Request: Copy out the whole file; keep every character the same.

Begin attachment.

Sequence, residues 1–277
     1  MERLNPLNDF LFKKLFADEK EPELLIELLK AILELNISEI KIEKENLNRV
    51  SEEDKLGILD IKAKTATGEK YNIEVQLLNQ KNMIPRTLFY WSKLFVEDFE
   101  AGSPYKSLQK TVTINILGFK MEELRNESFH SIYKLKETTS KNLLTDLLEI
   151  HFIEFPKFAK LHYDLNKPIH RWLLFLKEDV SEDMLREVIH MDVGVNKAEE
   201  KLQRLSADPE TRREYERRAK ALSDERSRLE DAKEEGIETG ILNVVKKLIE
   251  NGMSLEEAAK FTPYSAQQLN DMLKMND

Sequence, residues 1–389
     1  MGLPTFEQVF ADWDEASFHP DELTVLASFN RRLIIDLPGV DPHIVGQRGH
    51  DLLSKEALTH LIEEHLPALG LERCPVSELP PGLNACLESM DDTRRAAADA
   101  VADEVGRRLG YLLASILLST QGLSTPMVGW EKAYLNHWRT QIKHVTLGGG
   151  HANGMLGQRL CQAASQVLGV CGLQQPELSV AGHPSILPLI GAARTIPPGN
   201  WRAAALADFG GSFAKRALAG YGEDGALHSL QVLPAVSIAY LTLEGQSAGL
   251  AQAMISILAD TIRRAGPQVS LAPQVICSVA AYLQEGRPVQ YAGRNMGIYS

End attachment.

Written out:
Sequence, residues 1–277
     1  MERLNPLNDF LFKKLFADEK EPELLIELLK AILELNISEI KIEKENLNRV
    51  SEEDKLGILD IKAKTATGEK YNIEVQLLNQ KNMIPRTLFY WSKLFVEDFE
   101  AGSPYKSLQK TVTINILGFK MEELRNESFH SIYKLKETTS KNLLTDLLEI
   151  HFIEFPKFAK LHYDLNKPIH RWLLFLKEDV SEDMLREVIH MDVGVNKAEE
   201  KLQRLSADPE TRREYERRAK ALSDERSRLE DAKEEGIETG ILNVVKKLIE
   251  NGMSLEEAAK FTPYSAQQLN DMLKMND

Sequence, residues 1–389
     1  MGLPTFEQVF ADWDEASFHP DELTVLASFN RRLIIDLPGV DPHIVGQRGH
    51  DLLSKEALTH LIEEHLPALG LERCPVSELP PGLNACLESM DDTRRAAADA
   101  VADEVGRRLG YLLASILLST QGLSTPMVGW EKAYLNHWRT QIKHVTLGGG
   151  HANGMLGQRL CQAASQVLGV CGLQQPELSV AGHPSILPLI GAARTIPPGN
   201  WRAAALADFG GSFAKRALAG YGEDGALHSL QVLPAVSIAY LTLEGQSAGL
   251  AQAMISILAD TIRRAGPQVS LAPQVICSVA AYLQEGRPVQ YAGRNMGIYS